Friday, March 6, 2009


It’s pretty good.

The good parts in it are actually fucking astounding, but the bad parts are utterly terrible. But, like with all things relating to superheroes, the good triumphs over the bad.

I typically cringe at the sound of someone saying, “They used the panels from the comic as the storyboard!” I don’t think that making a direct, shot-for-shot recreation of a comic book necessarily makes for a good film. So, I did go into Watchmen with some reservations as to whether it might be TOO faithful.
Luckily, that wasn’t the case.

Snyder and team did a good job of changing, dropping, or adding just the right things, for the most part. There are some parts of the book I would really like to have seen, but the movie does stand well on what it’s got.

While I don’t really agree with all of the bright color choices (which seemed extra odd, as the Watchmen book isn’t really all that brightly colored…), I do think that the film was amazingly beautiful to look at. The cinematography is really top-notch.

The music is perfect. All of the song choices were correct and well-placed, and the original score makes parts of the movie even more stunning (especially the scene in which Osterman is atomized).

The acting is good overall, but some of the performances reeked of ham. Silk Spectre II is portrayed with some one-note acting, and Carla Gugino does a surprisingly bad job at playing Silk Spectre I.
Jeffrey Dean Morgan is fantastic as the Comedian, somehow nailing the simultaneous hatred and pity/love that we must feel for the character.
Jackie Earle Haley does an admirable job as Rorschach, though some of his narration is a little difficult to take seriously.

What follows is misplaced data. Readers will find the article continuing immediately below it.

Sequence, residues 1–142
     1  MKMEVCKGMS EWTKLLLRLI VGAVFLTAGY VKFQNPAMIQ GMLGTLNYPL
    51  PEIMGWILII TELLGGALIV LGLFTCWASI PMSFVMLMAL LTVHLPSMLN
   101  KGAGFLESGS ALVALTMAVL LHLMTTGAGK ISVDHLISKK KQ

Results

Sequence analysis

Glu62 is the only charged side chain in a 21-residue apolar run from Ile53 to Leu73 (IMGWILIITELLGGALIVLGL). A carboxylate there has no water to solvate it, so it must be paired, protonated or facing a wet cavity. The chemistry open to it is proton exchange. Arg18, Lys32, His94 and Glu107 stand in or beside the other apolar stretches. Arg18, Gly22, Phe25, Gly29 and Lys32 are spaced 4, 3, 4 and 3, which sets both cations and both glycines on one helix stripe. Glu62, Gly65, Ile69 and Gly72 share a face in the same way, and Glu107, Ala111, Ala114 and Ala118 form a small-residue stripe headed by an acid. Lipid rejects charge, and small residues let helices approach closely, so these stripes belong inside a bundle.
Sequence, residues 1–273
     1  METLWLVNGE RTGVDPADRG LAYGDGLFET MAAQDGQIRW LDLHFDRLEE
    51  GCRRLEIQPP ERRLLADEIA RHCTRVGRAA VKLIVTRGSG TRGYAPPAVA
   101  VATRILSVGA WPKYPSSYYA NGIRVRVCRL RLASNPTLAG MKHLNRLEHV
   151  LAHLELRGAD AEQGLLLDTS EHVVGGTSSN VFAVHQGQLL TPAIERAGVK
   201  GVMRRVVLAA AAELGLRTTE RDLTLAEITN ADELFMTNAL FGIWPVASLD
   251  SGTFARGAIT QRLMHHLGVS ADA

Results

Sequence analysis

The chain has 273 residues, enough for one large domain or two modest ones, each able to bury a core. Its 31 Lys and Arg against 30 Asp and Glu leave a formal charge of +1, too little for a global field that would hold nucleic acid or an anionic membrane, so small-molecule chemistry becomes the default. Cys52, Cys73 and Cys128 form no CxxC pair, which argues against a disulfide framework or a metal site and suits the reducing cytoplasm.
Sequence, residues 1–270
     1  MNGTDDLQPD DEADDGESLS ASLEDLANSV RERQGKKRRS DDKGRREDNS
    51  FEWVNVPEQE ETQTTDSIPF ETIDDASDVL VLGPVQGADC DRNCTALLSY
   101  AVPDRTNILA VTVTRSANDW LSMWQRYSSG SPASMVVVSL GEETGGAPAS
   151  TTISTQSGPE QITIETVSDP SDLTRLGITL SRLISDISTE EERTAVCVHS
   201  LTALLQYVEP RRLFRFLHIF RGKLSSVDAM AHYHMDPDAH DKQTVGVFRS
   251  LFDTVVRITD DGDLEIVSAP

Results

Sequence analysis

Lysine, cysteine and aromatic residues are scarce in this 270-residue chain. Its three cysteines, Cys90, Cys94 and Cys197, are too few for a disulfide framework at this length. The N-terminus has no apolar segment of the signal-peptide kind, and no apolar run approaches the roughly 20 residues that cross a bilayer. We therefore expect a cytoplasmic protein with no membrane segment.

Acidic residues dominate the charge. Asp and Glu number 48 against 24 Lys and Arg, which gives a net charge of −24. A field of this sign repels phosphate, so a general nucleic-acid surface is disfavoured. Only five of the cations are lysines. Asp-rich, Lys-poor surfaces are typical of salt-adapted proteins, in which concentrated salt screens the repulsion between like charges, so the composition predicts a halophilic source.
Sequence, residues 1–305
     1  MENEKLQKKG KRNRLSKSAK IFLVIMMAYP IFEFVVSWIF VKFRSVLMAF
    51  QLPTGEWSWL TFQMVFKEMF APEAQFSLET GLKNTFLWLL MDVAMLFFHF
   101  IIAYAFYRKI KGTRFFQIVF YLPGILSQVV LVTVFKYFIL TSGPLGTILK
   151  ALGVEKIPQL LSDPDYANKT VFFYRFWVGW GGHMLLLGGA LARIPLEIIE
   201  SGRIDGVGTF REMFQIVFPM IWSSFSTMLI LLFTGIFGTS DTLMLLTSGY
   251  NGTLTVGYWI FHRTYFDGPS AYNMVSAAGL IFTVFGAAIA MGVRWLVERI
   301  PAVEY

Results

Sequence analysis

Matthew Goode is good at making Ozymandias disturbing, and does a commendable job of adding some interesting back-story to his character.
Billy Crudup does an amazing job as the voice/movement/human part of Doctor Manhattan. He carries out the difficult task of delivering some of the most inhumane dialogue ever written in a voice that attempts at comfort.
Probably the best actor of the troupe is Patrick Wilson. His portrayal of Nite-Owl II is absolutely perfect. When he’s in the guise of Dan Dreiberg, he’s a genuine Clark Kent: clumsy, unattractive, and impotent. When he’s wearing his true skin as Nite-Owl, he’s the Overman: graceful, strong, and passionate.

It is a rather violent movie. While some moments of violent are examples of exploitative trash in a film that should be above that, most of the violence is done tastefully. When these guys fight, they REALLY fight. I really only take issue with the popping of bone out of the skin, the shattering of a leg with a bullet, and the far-too-detailed cutting off of someone’s arms. Other than that, I love the action.

It compares well with the book, I think, as they are two very different entities. The book offers much more characterization and philosophy, while the movie offers things that a comic book simply can’t: music and more dynamic action. Everyone should go see it. The 160 minutes go by quickly enough. And you should definitely try it in IMAX.
(Can't wait for this sequel!)

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